News & Articles

Guilt Trip

by Bruce Norris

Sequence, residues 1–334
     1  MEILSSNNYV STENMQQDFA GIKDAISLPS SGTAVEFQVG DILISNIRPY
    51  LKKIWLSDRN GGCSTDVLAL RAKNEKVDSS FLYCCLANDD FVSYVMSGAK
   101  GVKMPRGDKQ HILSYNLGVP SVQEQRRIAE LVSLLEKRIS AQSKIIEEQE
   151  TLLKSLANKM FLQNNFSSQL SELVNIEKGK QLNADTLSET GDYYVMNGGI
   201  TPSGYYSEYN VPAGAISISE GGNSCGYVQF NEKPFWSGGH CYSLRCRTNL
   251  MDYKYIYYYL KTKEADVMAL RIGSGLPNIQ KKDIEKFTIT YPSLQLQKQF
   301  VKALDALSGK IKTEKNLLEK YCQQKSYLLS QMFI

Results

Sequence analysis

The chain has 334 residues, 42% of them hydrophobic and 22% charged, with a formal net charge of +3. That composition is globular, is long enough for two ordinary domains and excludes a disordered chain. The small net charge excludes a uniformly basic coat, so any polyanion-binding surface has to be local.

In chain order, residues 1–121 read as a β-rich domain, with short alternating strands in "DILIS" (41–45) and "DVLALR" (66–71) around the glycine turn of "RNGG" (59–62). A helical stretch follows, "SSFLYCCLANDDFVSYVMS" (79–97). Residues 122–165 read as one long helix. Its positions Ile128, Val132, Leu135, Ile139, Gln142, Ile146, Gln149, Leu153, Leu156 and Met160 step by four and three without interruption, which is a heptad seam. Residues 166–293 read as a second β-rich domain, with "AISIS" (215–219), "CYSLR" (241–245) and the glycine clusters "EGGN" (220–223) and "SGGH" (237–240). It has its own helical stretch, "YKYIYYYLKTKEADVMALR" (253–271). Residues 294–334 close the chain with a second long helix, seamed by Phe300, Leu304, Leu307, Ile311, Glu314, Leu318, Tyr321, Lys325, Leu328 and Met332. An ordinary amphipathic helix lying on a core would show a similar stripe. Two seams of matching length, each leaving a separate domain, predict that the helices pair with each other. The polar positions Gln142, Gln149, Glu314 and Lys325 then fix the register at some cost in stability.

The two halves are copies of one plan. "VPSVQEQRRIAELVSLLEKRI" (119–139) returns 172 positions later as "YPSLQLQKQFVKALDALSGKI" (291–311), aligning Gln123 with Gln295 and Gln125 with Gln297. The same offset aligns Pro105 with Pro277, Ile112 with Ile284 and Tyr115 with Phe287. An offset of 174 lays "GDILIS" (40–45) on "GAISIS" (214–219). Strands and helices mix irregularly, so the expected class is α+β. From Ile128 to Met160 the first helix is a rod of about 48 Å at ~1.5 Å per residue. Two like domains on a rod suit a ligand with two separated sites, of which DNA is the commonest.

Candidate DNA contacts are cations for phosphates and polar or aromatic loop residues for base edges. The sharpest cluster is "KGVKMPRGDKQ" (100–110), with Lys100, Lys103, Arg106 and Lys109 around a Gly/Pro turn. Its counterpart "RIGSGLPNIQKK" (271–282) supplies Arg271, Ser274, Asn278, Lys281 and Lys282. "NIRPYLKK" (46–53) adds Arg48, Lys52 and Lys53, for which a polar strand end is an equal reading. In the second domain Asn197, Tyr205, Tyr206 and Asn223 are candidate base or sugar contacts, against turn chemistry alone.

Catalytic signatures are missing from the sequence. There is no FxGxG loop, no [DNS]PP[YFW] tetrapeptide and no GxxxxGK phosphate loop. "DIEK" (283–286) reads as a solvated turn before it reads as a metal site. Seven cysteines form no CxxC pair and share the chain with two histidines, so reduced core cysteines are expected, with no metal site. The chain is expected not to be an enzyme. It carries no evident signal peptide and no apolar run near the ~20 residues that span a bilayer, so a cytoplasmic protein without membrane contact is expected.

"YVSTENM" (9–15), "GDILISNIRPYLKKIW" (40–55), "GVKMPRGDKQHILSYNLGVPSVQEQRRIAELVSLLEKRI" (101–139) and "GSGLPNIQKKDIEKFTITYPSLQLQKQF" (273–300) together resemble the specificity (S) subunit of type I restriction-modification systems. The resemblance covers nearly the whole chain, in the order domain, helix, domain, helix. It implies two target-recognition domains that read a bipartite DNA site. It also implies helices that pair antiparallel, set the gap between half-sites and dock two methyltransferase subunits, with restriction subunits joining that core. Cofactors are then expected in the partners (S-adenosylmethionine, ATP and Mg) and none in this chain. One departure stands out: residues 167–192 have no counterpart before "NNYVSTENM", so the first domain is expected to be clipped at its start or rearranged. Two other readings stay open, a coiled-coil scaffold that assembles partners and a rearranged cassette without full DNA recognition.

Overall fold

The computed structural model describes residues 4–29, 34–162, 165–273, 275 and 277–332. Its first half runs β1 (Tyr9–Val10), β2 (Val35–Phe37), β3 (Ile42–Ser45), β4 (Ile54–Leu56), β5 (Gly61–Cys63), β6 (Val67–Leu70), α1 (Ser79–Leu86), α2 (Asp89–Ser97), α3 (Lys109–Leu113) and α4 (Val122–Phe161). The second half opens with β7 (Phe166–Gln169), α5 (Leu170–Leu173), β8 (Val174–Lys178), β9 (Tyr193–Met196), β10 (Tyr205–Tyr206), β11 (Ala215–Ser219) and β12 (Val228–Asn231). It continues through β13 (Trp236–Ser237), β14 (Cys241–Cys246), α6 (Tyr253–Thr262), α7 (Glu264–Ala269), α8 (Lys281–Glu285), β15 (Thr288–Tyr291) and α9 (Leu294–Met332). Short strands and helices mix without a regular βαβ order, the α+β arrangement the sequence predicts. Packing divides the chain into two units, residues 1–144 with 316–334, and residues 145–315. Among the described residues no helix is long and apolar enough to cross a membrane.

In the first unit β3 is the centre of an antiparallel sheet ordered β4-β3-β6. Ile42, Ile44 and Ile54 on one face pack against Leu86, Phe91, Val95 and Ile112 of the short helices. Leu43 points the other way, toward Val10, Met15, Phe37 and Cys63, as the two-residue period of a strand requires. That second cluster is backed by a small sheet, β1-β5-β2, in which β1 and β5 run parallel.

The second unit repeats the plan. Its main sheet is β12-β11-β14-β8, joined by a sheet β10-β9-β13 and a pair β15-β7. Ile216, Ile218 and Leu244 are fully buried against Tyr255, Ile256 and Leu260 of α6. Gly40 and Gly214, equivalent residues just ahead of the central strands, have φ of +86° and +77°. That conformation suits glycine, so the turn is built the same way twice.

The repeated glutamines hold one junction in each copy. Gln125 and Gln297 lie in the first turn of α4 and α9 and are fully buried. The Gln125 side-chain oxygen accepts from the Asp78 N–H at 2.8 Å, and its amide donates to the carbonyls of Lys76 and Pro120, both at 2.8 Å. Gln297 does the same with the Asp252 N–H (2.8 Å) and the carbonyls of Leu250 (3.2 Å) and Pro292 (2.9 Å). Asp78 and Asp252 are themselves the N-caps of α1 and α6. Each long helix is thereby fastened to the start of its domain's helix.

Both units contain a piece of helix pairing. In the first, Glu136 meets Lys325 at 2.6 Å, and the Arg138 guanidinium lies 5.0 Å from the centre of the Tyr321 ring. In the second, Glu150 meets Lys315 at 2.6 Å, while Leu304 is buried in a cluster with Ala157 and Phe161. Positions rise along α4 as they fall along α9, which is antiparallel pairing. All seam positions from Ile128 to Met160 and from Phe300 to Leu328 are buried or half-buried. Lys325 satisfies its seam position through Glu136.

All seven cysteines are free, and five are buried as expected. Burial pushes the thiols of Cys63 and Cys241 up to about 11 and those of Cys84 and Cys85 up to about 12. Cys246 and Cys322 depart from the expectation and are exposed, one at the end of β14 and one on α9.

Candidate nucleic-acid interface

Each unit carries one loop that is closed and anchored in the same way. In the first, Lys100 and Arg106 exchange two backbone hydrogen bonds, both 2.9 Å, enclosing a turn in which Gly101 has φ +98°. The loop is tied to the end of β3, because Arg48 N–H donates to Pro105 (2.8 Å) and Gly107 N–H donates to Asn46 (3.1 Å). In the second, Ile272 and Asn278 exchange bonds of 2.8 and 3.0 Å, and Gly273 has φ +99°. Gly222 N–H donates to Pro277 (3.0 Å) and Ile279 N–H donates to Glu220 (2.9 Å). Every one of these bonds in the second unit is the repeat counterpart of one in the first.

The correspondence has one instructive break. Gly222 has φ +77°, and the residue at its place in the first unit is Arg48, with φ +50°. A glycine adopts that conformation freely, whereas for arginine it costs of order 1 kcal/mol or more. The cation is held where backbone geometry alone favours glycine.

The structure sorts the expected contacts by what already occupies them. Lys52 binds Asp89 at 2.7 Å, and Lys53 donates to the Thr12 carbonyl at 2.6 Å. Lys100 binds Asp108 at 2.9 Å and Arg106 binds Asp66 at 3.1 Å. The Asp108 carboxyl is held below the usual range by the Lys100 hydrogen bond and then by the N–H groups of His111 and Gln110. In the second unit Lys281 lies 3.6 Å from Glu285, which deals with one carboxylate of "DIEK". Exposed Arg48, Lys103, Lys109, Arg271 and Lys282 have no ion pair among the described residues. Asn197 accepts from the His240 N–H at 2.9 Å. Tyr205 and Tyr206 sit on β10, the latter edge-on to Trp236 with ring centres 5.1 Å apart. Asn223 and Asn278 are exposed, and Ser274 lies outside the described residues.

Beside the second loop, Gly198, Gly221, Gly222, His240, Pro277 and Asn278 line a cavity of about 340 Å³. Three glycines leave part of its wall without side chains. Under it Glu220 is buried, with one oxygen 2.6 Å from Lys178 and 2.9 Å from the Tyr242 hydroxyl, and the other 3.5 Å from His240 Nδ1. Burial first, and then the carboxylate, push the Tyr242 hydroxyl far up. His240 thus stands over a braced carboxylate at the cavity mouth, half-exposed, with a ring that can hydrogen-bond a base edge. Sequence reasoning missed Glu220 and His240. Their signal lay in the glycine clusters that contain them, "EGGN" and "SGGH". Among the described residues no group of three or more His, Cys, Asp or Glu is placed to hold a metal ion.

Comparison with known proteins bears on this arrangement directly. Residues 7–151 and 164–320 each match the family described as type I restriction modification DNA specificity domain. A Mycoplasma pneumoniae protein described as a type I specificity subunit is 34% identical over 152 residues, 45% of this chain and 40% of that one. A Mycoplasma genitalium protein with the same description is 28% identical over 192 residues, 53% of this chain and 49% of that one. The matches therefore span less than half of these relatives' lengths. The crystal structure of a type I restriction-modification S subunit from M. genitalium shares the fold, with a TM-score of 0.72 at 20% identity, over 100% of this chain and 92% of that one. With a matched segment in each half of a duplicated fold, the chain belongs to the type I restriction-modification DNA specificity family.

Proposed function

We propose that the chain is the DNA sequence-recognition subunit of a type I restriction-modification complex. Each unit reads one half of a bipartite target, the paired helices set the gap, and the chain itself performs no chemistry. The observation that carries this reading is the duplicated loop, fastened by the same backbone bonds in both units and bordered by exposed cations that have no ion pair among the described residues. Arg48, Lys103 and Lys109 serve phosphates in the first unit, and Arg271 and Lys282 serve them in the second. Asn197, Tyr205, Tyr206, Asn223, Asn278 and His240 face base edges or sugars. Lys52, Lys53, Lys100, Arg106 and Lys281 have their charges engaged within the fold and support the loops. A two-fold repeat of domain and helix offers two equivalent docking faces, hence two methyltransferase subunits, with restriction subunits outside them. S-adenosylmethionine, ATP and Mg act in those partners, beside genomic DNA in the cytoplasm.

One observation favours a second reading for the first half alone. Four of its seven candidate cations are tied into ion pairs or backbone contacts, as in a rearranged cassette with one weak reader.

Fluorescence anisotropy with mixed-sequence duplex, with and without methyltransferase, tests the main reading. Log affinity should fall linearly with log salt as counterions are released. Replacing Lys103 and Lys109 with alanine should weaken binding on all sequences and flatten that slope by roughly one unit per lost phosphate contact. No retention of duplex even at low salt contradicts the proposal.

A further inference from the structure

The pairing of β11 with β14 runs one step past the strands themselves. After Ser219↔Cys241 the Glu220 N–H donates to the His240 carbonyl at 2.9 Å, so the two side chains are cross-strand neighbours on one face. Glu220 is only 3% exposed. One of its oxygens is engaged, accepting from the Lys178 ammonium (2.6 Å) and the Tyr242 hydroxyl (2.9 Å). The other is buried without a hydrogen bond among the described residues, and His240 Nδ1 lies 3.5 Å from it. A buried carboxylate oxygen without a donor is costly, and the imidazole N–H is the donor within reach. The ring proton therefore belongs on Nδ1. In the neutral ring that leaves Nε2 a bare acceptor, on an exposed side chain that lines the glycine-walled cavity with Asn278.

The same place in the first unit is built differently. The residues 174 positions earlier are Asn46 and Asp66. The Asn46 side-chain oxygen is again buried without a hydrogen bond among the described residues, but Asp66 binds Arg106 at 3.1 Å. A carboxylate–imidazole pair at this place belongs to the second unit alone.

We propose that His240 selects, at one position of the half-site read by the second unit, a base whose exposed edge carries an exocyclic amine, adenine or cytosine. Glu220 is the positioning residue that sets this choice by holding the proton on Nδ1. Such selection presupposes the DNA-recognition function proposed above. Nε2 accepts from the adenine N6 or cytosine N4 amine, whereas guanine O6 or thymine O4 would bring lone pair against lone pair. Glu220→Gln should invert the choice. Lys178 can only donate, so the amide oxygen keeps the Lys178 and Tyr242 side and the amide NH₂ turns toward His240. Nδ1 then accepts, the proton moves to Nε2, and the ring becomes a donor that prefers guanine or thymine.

February 13 The Unmentionables is set in a fictitious “third-world” country in western equatorial Africa and concerns a disparate group of white Americans whose simplistic notions of themselves are tested when they become more deeply involved with the local population than they had intended. And sitting in my lovely, comfortable, little apartment in Brooklyn, bent over my tiny computer, reading the newspaper every morning and drinking iced tea, I had concluded that it was my perfect right as someone who makes up stories for a living to create a fictional story which took part in another part of the world, a real part in which I had never set foot and in which very real, which is to say non-fictitious, people, lived. Of course, this is what writers do all the time. But, at a time in which international sensitivities (justified or not) about how we Americans characterize the rest of the world are easily inflamed… Well, you know, I got to thinking. February 14 Packing. Panicking. Took my malaria pills. Sprayed clothes with mosquito repellent. I leave from JFK at eleven p.m., and by eight o’clock tomorrow night I land in Cotonou, Benin. If all goes well – and I think we all suspect, in fact hope that it won’t – I should at that point be in my bed at the Hotel du Lac, east of downtown Cotonou, sound asleep. Benin, I’ve been told, is a perfectly lovely country, with none of the violent political upheaval of Ivory Coast (to the West) or the craziness of Nigeria (to the East). But perhaps I ought to mention at this point that, in Benin, they speak French. And I don’t speak French. Which could be a problem. February 18 One of the strangest and most dislocating things here is television. I sit in my room watching coverage of Dick Cheney’s shotgun story or the rising fortunes of some European company and wonder, “Is this what the Beninese see on TV? There is, to be fair, a Benin channel. But mostly it is reruns of The Gilmore Girls dubbed in French or (seriously) Ferris Bueller’s Day Off with Arabic subtitles. The sneaky thought “no wonder people hate us” creeps into your head. Oddest of all was a BBC documentary all about the history of Shaw’s play Pygmalion and the musical My Fair Lady with various people offering their opinions on the genius of a play in which a poor street vendor is turned into a quasi-duchess. I sat there watching this thinking of the hundreds of “guttersnipes” (Shaw’s word) that I had walked past that afternoon with no Professor Higgins (myself included) to offer them “lots of chocolates for me to eat”. Loverly, indeed. February 19 Some parts you can’t make up. So it turns out that, little did I know, I have been in Benin in the middle of the International Beninese Theatre Festival (!!??!!); or FITHEB. I saw a poster one day and no one at the hotel knew anything about it and finally after asking around a woman at a bookstore directed me to the CCF (Centre Cuturel Français) where I found out that last night’s performance, and this is possibly TOO weird, was RICHARD III, that’s right (Maintenant c’est l’hiver du nos discontent…. etc.), performed in French with an entirely West African cast (and one hambone of a white Swiss guy), outdoors, in modern-dress with a kind of “gangster” theme, accompanied by a live musician playing traditional instruments. I managed, basically through sign language, to get a ticket. Remarkable, in a way – and let’s not get TOO misty here – to see how a play travels through huge distances of space and time. I can’t say it was the absolute best theatre I have ever seen, but absolutely the most interesting theatre story. And now I can write off my trip on next year’s taxes. February 20 I was led into a small shed to the side and introduced to a muscular man who was called the “son of the king”. I was already somewhat dubious and after some chanting and murmuring and questioning me as to what I wanted (answer being that I want my “new play to go well”) I was presented, with great ceremony, with a STICK, a ROCK, something hanging off of a piece of string, and another STICK and then I was informed that I now owed these gentlemen THREE HUNDRED DOLLARS. Further, they said, the “magic” would be more powerful if I gave them more, and vice versa. February 26 Part of what The Unmentionables is about is how we behave in a crisis, and why. There are some people, and we all know them, who you’d love to have around in a crisis; self assured people, the people who always seem to know exactly what to do. But I’m not one of those people. I happen to be a pessimist. It’s my nature. I focus on what is UN-heroic and IG-noble in myself and am naturally suspicious of optimists and those who talk about the great things that we Americans are capable of. I don’t feel like I’ve earned the right to be an optimist – it’s a luxury I can’t afford. Pessimism doesn’t mean defeatism. It just means looking realistically at what we DO, instead of what we like to SAY we do. And the nice part is, we pessimists are rarely disappointed. Sometimes we’re even pleasantly surprised. Read the full account of Bruce’s adventures in Africa at The Unmentionables runs in the Downstairs Theatre through August 27, 2006.